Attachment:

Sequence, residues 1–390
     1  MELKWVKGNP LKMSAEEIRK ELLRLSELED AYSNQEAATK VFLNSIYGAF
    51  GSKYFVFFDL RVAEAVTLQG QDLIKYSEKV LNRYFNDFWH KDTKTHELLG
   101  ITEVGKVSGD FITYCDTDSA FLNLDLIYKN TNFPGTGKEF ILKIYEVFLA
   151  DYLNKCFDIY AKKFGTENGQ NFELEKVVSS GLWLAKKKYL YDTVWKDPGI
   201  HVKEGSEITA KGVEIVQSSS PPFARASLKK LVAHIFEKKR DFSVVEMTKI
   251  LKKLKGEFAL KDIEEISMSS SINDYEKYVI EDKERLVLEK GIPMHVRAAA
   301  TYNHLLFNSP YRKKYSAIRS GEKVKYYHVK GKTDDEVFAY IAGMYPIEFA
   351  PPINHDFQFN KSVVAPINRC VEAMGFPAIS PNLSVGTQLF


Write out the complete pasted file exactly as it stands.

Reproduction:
Sequence, residues 1–390
     1  MELKWVKGNP LKMSAEEIRK ELLRLSELED AYSNQEAATK VFLNSIYGAF
    51  GSKYFVFFDL RVAEAVTLQG QDLIKYSEKV LNRYFNDFWH KDTKTHELLG
   101  ITEVGKVSGD FITYCDTDSA FLNLDLIYKN TNFPGTGKEF ILKIYEVFLA
   151  DYLNKCFDIY AKKFGTENGQ NFELEKVVSS GLWLAKKKYL YDTVWKDPGI
   201  HVKEGSEITA KGVEIVQSSS PPFARASLKK LVAHIFEKKR DFSVVEMTKI
   251  LKKLKGEFAL KDIEEISMSS SINDYEKYVI EDKERLVLEK GIPMHVRAAA
   301  TYNHLLFNSP YRKKYSAIRS GEKVKYYHVK GKTDDEVFAY IAGMYPIEFA
   351  PPINHDFQFN KSVVAPINRC VEAMGFPAIS PNLSVGTQLF